Researchers in Single Display Groupware (SDG) explore how multiple users share a single display such as a computer monitor, a large wall display, or an electronic tabletop display. Yet today's personal computers are designed with the assumption that one person interacts with the display at a time. Thus researchers and programmers face considerable hurdles if they wish to develop SDG. Our solution is the SDGToolkit, a toolkit for rapidly prototyping SDG. SDGToolkit automatically captures and manages multiple mice and keyboards, and presents them to the programmer as uniquely identified input events relative to either the whole screen or a particular window. It transparently provides multiple cursors, one for each mouse. To handle orientation issues for tabletop displays (i.e., people seated across from one another), programmers can specify a participant's seating angle, which automatically rotates the cursor and translates input coordinates so the mouse behaves correctly. Finally, SDGToolkit provides an SDG-aware widget class layer that significantly eases how programmers create novel graphical components that recognize and respond to multiple inputs.

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Tse, Edward, Histon, Jonathan, Scott, Stacey and Greenberg, Saul (2004): Avoiding Interference: How People Use Spatial Separation and Partitioning in SDG Workspaces. In: Proceedings of the 2004 ACM Conference on Computer Supported Cooperative Work November 6-10, 2004, Chicago, Illinois, USA. pp. 252-261. Available online

Single Display Groupware (SDG) lets multiple co-located people, each with their own input device, interact simultaneously over a single communal display. While SDG is beneficial, there is risk of interference: when two people are interacting in close proximity, one person can raise an interface component (such as a menu, dialog box, or movable palette) over another person's working area, thus obscuring and hindering the other's actions. Consequently, researchers have developed special purpose interaction components to mitigate interference techniques. Yet is interference common in practice? If not, then SDG versions of conventional interface components could prove more suitable. We hypothesize that collaborators spatially separate their activities to the extent that they partition their workspace into distinct areas when working on particular tasks, thus reducing the potential for interference. We tested this hypothesis by observing co-located people performing a set of collaborative drawing exercises in an SDG workspace, where we paid particular attention to the locations of their simultaneous interactions. We saw that spatial separation and partitioning occurred consistently and naturally across all participants, rarely requiring any verbal negotiation. Particular divisions of the space varied, influenced by seating position and task semantics. These results suggest that people naturally avoid interfering with one another by spatially separating their actions. This has design implications for SDG interaction techniques, especially in how conventional widgets can be adapted to an SDG setting.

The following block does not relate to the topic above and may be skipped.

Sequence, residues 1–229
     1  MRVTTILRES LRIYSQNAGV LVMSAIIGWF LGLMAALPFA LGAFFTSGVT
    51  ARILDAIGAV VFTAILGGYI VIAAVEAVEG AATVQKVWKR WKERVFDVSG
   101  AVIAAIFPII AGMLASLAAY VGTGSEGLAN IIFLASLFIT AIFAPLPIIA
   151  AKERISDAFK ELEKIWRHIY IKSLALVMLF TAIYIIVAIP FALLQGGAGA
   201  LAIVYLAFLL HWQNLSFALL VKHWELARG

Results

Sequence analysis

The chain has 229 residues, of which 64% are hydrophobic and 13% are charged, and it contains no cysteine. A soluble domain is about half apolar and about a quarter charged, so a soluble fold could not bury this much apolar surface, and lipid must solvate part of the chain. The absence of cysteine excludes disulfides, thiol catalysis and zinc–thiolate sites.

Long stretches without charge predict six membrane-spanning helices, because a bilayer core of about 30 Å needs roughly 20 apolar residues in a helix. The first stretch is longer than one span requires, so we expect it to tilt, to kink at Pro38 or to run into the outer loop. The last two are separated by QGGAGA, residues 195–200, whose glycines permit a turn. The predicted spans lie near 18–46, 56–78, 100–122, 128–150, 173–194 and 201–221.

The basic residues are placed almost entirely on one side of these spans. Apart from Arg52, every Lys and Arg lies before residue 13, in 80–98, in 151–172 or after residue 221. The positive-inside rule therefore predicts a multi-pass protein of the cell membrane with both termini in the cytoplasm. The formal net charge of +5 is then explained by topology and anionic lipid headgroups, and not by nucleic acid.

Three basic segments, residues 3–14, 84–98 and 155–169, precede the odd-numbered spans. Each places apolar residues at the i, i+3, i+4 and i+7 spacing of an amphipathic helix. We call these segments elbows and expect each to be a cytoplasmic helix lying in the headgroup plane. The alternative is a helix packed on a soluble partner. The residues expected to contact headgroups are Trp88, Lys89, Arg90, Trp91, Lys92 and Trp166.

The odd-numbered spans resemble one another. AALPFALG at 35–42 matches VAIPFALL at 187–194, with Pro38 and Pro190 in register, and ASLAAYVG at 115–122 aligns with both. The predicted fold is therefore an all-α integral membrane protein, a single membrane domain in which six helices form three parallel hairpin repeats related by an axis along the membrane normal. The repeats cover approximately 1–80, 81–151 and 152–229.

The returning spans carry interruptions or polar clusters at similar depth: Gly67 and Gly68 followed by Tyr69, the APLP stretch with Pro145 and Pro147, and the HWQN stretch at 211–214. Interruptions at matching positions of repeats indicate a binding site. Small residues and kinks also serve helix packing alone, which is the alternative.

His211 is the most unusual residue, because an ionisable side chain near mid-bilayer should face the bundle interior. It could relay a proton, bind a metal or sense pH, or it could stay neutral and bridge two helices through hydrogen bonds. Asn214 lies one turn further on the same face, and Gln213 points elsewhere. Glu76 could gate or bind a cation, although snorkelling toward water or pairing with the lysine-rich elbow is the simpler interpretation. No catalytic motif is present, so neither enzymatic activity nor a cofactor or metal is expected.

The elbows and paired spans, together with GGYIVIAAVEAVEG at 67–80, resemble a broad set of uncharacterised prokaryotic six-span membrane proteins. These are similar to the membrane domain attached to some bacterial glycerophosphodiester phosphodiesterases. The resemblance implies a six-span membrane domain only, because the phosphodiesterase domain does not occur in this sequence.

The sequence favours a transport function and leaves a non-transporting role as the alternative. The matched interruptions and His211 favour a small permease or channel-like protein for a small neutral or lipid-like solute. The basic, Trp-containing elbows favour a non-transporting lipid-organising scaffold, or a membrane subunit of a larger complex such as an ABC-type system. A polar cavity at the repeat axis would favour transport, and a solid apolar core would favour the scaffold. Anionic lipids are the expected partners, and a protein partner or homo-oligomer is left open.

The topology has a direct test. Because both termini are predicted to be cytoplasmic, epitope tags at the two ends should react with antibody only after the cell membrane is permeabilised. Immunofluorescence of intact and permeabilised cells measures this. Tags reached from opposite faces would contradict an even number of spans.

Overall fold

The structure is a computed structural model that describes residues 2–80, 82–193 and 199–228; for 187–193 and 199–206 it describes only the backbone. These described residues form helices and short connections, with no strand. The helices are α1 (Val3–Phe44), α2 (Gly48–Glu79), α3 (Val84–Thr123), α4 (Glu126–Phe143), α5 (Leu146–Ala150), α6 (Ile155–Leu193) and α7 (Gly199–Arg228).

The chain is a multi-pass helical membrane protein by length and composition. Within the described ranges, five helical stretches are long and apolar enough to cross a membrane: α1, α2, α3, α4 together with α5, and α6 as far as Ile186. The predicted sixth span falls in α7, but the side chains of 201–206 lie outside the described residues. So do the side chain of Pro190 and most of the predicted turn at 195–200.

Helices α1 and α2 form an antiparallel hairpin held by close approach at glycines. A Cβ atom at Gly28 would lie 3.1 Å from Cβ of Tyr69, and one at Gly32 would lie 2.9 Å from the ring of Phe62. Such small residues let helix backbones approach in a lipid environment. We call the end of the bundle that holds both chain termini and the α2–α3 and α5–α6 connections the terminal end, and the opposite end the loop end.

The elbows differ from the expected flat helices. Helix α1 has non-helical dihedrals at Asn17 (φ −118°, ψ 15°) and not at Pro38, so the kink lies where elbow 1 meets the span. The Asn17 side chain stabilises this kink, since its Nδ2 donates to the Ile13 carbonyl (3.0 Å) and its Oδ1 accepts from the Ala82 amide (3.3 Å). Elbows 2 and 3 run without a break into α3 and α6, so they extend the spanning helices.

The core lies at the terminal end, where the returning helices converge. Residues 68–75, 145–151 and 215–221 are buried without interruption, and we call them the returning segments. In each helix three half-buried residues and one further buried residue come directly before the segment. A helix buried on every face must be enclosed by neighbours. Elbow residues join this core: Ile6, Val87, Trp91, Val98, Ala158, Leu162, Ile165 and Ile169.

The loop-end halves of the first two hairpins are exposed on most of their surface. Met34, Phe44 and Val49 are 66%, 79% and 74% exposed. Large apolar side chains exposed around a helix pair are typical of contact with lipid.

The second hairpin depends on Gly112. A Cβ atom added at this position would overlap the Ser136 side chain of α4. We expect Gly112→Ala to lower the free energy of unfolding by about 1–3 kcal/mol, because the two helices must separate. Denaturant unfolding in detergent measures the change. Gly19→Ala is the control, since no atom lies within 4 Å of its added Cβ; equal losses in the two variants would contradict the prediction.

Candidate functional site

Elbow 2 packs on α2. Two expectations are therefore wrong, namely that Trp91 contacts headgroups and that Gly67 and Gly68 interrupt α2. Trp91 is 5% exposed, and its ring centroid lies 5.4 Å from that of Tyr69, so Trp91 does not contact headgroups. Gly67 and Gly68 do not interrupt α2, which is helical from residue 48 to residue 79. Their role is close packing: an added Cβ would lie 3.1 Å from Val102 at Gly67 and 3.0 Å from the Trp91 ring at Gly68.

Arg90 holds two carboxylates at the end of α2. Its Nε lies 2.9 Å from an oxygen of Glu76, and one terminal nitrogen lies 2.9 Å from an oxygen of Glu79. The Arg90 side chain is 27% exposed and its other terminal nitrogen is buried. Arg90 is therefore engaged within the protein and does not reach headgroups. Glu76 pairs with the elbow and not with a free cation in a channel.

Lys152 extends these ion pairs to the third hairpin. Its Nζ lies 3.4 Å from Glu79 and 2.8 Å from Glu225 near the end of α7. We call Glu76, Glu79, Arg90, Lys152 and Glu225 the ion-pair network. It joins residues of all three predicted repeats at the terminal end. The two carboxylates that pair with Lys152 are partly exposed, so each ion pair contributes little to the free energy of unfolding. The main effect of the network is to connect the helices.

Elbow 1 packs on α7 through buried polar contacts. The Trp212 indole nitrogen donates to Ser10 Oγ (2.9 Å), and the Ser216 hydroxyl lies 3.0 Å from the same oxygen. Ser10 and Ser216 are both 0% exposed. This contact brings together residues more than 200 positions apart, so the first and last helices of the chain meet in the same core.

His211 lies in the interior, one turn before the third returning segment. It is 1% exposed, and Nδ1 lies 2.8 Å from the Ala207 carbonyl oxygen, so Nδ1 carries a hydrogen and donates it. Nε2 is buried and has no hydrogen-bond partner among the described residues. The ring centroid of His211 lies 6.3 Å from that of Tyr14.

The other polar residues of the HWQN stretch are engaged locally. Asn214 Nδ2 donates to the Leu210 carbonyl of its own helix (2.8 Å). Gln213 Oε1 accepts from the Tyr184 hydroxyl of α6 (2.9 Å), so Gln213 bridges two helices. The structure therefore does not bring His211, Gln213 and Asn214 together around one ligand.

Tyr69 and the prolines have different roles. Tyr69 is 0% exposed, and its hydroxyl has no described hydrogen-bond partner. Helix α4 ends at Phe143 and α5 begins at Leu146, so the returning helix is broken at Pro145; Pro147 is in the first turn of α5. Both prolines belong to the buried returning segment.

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Tse, Edward and Greenberg, Saul (2004): Rapidly Prototyping Single Display Groupware through the SDGToolkit. In: Cockburn, Andy (ed.) AUIC2004 - User Interfaces 2004 - Fifth Australasian User Interface Conference 18-22 January, 2004, Dunedin, New Zealand. pp. 101-110. Available online

2003
 
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Diaz-Marino, Rob, Tse, Edward and Greenberg, Saul (2003): Programming for Multiple Touches and Multiple Users: A Toolkit for the DiamondTouch Hardware. In: Companion Proceedings of ACM UIST03 Conference on User Interface Software and Technology 2003, Vancouver, BC, Canada. . Available online

Diaz-Marino, R.A., Tse, E, and Greenberg, S. (2003) Programming for Multiple Touches and Multiple Users: A Toolkit for the DiamondTouch Hardware. Companion Proceedings of ACM UIST'03 Conference on User Interface Software and Technology.

© All rights reserved Diaz-Marino et al. and/or their publisher